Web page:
Red Sox

Standing Room Only: A true Classic

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Standing Room Only: A true Classic

We try to keep the spotlight on Boston in this space, but every once in a while you cant help but burst through the local bubble.

For instance, last night, while the Pats were packing for Pittsburgh, the Bruins were rolling over at the Garden, the Celtics eyes were on New York and the Sox were kicking back a cold one, the Cardinals and Rangers were playing one of the ugliest baseball games Ive ever seen.

Im serious. It was awful, and not just for a potential World Series clincher. This wouldnt have been acceptable for opening day of Spring Training. There were dropped pop-ups in the infield . . . flubbed fly balls in the outfield . . . two booted grounders . . . there were five errors through the first six innings! (And that doesnt count the comedy of errors spewing out of Tim McCarver). But thankfully, in the top of the seventh, with the score tied at four, Adrian Beltre and Nelson Cruz hit back-to-back homers to put the Cardinals (and the baseball world) out of their misery. Or so we thought . . .

Instead, right around 12, as night turned to morning and the Pats (dreaming of Terrible Towels), the Bruins (with Montreal nightmares), the NBA (starring David Stern in a night cap and footie pajamas) and the Sox (passed out in front of an empty box of DiGiornos) were all deep in sleep, the Rangers and Cardinals combined for what will go down as one of the most exciting and historic baseball games Ive ever seen. The most uplifting, heart-wrenching, unbelievable back-and-forth battle since . . . honestly, I dont know. From a personal standpoint, Id have to say Game 4 of the 2004 ALCS or (gulp) Game 7 of the 2003 ALCS, but all bias aside neither could match this stage.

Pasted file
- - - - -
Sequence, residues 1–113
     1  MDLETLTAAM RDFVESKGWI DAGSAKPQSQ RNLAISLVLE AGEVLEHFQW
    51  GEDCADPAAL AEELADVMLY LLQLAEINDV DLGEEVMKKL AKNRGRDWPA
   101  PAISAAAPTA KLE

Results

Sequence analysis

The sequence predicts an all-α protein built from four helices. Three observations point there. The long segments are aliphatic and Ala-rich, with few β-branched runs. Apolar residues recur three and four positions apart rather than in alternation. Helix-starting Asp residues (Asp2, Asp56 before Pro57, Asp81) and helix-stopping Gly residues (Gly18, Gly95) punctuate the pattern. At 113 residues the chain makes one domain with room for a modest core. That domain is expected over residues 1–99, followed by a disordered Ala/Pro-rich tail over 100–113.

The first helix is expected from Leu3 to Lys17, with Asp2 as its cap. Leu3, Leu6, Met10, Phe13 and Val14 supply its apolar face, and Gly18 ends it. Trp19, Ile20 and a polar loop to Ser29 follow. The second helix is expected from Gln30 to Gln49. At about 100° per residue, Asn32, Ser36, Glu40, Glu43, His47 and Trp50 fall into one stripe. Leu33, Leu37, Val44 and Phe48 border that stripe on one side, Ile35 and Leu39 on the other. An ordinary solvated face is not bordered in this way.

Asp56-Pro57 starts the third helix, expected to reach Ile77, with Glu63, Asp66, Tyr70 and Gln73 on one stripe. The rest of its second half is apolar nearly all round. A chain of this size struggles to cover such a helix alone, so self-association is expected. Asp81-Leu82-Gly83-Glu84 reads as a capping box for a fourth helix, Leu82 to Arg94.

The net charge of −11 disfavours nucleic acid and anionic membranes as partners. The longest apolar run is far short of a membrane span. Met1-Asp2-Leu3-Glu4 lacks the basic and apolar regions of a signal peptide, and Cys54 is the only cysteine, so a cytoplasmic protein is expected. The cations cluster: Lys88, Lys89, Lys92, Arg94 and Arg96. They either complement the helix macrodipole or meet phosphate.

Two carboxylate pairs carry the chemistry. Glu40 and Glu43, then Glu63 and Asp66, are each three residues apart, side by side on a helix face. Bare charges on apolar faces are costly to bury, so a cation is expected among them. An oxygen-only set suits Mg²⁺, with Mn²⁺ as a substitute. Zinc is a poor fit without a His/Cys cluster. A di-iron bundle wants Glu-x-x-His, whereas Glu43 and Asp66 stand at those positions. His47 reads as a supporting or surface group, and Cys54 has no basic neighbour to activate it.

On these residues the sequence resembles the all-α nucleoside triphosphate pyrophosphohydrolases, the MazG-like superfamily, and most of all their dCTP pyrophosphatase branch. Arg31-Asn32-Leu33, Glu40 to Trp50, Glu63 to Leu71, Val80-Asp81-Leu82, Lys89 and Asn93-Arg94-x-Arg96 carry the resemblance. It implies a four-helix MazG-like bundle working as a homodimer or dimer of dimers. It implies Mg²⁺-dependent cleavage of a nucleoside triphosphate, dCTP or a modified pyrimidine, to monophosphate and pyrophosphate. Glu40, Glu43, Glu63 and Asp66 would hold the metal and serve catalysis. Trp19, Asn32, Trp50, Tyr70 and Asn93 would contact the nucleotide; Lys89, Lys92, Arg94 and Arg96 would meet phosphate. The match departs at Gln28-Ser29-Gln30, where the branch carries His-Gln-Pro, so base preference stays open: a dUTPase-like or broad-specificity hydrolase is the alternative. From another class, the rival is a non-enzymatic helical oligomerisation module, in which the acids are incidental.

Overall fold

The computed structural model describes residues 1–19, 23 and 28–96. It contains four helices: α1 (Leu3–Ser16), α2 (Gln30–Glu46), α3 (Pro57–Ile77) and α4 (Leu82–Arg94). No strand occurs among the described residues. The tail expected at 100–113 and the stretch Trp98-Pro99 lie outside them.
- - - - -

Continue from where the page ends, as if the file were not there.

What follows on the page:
If you saw it, you know exactly what Im talking about. If not, Im sorry, but theres no way I can do it justice. There were so many different heroes, so many different goats. You felt for so many people Matt Holiday, Nelson Cruz, Nolan Ryan, Neftali Feliz, Scott Feldman, Josh Hamilton, Lance Berkman, David Freese, Ron Washington, Tony Larussa, Alexi Ogando, Mark Lowe, Mike Napoli, Joe Buck on so many levels.

The Cardinals were trailing by two runs and down to their last strike on TWO different occasions. Crazy, right? Well, how about the fact that the Rangers were one strike away from WINNING a World Series on two different occasions?

Its funny, because when you have a dog in the fight, you only deal with one side of those emotions, but as an innocent and unbiased spectator, you burn the candle at both ends. Every moments bittersweet, every big play's a simultaneous high five and gut punch. When David Freese, the same guy who hit the game-tying triple in the ninth, the same guy who GREW UP in St. Louis cheering for the Cardinals, hit a walk-off 11th inning homer to send his hometown team to the seventh game of the World Series, I stood up and cheered, yet at the same time, part of me died. The Rangers, man. One pitch away . . . twice! It was an absolute trip. Probably the purest, yet most emotionally-confusing sports viewing experiences Ive had in years.

And as Freese crossed home plate, while a large part of me was relieved to finally get to bed, another part was bummed that the game couldn't go on forever. It was history. We were living baseball history. And I didn't want it to end.

Although in many ways, it didnt. In reality, I guess Freeses homer marked more of an intermission. The real ending plays out tonight, and Boston team or not, Ill be along for the ride.

Rich Levine can be reached at rlevine@comcastsportsnet.com. Follow Rich on Twitter at http:twitter.comrich_levine

HOFer Joe Morgan's letter urges voters to keep steroid users out of Hall

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HOFer Joe Morgan's letter urges voters to keep steroid users out of Hall

Hall of Fame second baseman Joe Morgan is urging voters to keep “known steroid users” out of Cooperstown.